Saturday, June 30, 2012

Goodbye, Ole Hickory

We said goodbye to the Shag bark Hickory that has been residing in our yard way before we built our house in 1972.  The critter was dying from the top and was creating a hazard to our house.

WV Tree Service out of Gassaway arrived on Wednesday morning.  The company is owned by a local fellow, Gary Ellyson.  Judy taught Gary in Senior English at the high school.  His older brother, Kurt, headed the removal team that included Leroy Goodson, Jim Stokley, and Andrew Blizzard. (The late Gene Ellyson, a Gilmer County barber for decades is the Ellyson boys father.)

The climber on the team was Leroy.  It was neat to see how he scurried up the ole hickory.  His job was to attach a rope to the tree so to make certain the tree falls in the planned direction.

The other team members busily attached the other end to their truck.

 Every project needs an observer.  This one is no exception.

After making the wedge shaped cut into the heartwood, with a pull of the truck,....
 ..the tree came tumbling down.

This is the time when the real work begins.  The limbs were placed in the chipper.

The main truck was sawed into manageable sections. 

Many sections were extremely heavy.  These guys knew how to load the larger sections by lifting them with the bucket on the truck.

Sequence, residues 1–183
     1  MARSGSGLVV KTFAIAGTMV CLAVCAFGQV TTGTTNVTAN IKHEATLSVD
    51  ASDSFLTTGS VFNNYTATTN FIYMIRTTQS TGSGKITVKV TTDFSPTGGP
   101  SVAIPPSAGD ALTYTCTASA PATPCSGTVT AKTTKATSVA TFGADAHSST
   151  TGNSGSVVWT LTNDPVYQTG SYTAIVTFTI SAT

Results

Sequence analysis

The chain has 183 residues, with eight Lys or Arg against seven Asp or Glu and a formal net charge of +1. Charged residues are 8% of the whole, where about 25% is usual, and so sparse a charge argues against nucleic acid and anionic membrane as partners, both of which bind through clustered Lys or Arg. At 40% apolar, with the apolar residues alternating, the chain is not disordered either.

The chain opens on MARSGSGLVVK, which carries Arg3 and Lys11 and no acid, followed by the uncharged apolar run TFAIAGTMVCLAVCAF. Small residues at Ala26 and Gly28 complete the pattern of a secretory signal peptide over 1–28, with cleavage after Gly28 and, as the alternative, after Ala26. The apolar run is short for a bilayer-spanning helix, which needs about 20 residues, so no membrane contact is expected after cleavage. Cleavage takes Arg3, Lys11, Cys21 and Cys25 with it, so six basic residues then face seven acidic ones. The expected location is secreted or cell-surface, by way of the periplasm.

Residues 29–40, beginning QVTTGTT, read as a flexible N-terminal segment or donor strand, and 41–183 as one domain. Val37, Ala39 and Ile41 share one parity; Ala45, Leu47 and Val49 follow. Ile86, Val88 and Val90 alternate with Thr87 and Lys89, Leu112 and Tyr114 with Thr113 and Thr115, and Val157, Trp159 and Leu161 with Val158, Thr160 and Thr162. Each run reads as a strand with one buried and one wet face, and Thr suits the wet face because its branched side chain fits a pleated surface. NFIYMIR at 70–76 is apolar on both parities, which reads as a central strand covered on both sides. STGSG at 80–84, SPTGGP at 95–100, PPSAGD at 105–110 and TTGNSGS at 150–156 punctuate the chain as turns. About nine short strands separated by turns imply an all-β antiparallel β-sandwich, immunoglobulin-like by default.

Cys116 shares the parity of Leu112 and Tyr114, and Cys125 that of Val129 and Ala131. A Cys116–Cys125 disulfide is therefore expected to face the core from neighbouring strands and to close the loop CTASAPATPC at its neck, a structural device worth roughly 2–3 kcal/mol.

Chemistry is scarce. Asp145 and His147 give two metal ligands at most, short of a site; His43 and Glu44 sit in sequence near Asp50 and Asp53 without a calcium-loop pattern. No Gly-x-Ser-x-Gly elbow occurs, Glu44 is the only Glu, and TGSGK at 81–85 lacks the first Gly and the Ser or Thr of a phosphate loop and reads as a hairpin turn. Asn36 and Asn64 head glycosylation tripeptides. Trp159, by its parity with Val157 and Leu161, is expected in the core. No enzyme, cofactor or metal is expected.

The cleanup and of our tree was amazing.

When they left, they not only raked and blew the sawdust away, but filled any divots with soil and reseeded with grass.

What a quality job!  We are so happy with WV Tree Service.  They are a wonderful crew.

Friday, June 29, 2012

Prehistoric Sex?

updated 6/19/2012 11:18:48 PM ET
A 47-million-year-old fossil of nine turtle couples in the act of mating has been found.
The turtles, described in the latest Biology Letters, apparently died in the throws of passion. While deeply engaged in copulation, they drifted into poisonous water and perished, forever preserved in their lovemaking moment. 

“Many animals enter a trance-like state when mating or laying eggs and it is possible that these turtles simply did not notice that they were entering poisonous waters before it was too late,” lead author Walter Joyce, a researcher at the University of Tübingen, told Discovery News. 

Joyce and his colleagues analyzed the fossils, found in the Messel Pit Fossil Site between Darmstadt and Frankfurt, Germany. Numerous fossilized birds, bats, fish, frogs, snakes, insects and more were also found at the site, suggesting that at least some of them too were poisoned by what was, back in the Eocene, a volcanic lake.

The turtle couples did not all die together, but instead were found at random throughout the site of the former lake. The scientists can tell that each couple consisted of one male and one female due to tail shape and length differences, body size differences and other anatomical features. Females of this turtle species (Allaeochelys crassesculpta), for example, have a hinge in their belly shields that helped them lay relatively large eggs.